Tracking Labor Market Developments during the COVID-19 Pandemic: A Preliminary Assessment
Many traditional official statistics are not suitable for measuring high-frequency developments that evolve over the course of weeks, not months. In this paper, we track the labor market effects of the COVID-19 pandemic with weekly payroll employment series based on microdata from ADP. These data are available essentially in real-time, and allow us to track both aggregate and industry effects. Cumulative losses in paid employment through April 4 are currently estimated at 18 million; just during the two weeks between March 14 and March 28 the U.S. economy lost about 13 million paid jobs. ...
Adjusted Employment-to-Population Ratio as an Indicator of Labor Market Strength
As a measure of labor market strength, the raw employment-to-population ratio (EPOP) confounds employment outcomes with labor supply behavior. Movement in the EPOP depends on the relative movements of the employment rate (one minus the unemployment rate) and the labor force participation rate. This paper proposes an adjustment to the calculation of the EPOP using individual microdata to account for both individual characteristics and the probability of labor force participation, which can used to assess the strength of the labor market.
Household formation over time: evidence from two cohorts of young adults
Residential investment accounts for an important component of U.S. gross domestic product, and traditionally plays a strong role in business cycle expansions. U.S. residential investment has improved slowly during the recovery from the Great Recession, despite a relatively strong national rebound in house prices and record low interest rates. An important determinant of residential investment is the household formation rate, which is largely driven by young adults moving out of their parents? homes after completing high school or college. New household formation can be offset when existing ...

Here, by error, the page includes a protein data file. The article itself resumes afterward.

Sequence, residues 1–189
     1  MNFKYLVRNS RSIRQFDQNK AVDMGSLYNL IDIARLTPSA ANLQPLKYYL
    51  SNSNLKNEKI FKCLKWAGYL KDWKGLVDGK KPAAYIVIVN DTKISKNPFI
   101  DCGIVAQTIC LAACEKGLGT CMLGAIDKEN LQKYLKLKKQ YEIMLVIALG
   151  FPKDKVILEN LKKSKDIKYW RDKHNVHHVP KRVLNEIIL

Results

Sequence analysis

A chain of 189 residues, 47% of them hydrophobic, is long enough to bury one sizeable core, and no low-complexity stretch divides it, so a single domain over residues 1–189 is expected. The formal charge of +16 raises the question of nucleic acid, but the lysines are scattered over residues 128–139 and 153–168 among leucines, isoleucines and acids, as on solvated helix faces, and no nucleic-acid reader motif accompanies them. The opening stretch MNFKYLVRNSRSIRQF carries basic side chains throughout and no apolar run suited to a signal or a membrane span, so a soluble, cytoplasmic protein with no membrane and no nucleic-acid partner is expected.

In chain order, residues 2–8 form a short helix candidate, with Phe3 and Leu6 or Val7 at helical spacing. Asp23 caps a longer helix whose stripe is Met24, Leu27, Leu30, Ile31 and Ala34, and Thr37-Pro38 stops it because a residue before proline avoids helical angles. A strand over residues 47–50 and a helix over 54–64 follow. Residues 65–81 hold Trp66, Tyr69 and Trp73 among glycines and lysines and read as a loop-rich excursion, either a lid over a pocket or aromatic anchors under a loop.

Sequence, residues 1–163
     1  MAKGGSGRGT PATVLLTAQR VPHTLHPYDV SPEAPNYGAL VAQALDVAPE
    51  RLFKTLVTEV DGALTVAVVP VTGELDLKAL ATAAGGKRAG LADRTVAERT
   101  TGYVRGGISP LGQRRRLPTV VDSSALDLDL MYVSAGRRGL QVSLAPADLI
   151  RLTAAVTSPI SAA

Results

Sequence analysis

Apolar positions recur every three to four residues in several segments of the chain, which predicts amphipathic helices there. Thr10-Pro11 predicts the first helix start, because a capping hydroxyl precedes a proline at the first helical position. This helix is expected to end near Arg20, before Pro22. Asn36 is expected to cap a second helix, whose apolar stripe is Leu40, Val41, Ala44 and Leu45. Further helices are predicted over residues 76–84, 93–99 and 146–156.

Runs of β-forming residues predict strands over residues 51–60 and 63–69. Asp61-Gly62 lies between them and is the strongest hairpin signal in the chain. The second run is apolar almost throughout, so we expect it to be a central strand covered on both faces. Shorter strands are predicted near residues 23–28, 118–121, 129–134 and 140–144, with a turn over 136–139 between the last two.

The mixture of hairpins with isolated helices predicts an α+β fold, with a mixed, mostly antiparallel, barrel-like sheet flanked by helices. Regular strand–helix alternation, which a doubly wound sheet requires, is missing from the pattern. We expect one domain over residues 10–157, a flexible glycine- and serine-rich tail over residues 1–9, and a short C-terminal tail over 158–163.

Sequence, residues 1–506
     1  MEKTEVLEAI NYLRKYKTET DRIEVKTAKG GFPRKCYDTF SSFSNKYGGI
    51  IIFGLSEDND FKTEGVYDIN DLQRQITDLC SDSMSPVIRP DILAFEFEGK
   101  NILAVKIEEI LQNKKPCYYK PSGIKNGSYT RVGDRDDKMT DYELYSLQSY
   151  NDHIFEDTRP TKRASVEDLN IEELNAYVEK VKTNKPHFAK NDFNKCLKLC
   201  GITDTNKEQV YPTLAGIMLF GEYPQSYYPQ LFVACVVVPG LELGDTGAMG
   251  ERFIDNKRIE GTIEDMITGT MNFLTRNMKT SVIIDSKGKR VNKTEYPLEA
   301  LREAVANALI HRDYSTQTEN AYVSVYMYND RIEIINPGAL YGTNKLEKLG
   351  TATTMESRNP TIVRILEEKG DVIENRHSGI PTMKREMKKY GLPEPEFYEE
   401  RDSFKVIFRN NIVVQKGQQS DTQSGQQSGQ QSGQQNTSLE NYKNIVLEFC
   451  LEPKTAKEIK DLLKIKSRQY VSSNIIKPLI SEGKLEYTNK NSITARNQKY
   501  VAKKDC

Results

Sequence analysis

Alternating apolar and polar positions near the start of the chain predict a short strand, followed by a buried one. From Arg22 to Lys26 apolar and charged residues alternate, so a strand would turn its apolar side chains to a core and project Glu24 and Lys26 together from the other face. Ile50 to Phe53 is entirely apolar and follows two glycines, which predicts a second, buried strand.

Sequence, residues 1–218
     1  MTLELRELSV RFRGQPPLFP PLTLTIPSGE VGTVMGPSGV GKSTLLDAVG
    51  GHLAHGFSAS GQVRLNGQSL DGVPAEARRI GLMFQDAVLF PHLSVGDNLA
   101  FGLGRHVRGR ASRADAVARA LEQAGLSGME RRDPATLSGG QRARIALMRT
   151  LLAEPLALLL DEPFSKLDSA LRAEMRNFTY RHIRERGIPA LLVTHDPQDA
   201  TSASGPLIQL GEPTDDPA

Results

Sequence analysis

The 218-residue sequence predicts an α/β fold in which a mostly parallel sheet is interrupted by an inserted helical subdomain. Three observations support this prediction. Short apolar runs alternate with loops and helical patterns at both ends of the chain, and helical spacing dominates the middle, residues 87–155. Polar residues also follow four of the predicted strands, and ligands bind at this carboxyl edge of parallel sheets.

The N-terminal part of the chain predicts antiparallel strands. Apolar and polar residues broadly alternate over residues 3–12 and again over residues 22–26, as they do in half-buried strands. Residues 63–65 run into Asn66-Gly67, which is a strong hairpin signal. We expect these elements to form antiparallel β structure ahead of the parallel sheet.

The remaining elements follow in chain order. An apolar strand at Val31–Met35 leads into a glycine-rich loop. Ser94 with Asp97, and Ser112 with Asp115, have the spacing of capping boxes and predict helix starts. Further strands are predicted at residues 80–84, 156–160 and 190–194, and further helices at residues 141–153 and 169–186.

Labor force participation in New England vs. the United States, 2007–2015: why was the regional decline more moderate?
This paper identifies the main forces that contributed to the decline in labor force participation in New England between 2007 and 2015, as well as the forces that moderated the region?s decline relative to that of the nation. This exercise contributes to an assessment of the outlook for participation in New England moving forward. Similar to previous findings pertaining to the United States as a whole, the single largest factor in the recent decline in labor force participation in New England was the shifting age composition of the region?s population. In particular, the share of New England ...
Generational War on Inflation: Optimal Inflation Rates for the Young and the Old
How does a grayer society affect the political decision-making regarding inflation rates? Is deflation preferred as a society ages? In order to answer these questions, we compute the optimal inflation rates for the young and the old respectively, and explore how they change with demographic factors, by using a New Keynesian model with overlapping generations. According to our simulation results, there indeed exists a tension between the young and the old on the optimal inflation rates, with the optimal inflation rates differing between generations. The rates can be significantly different ...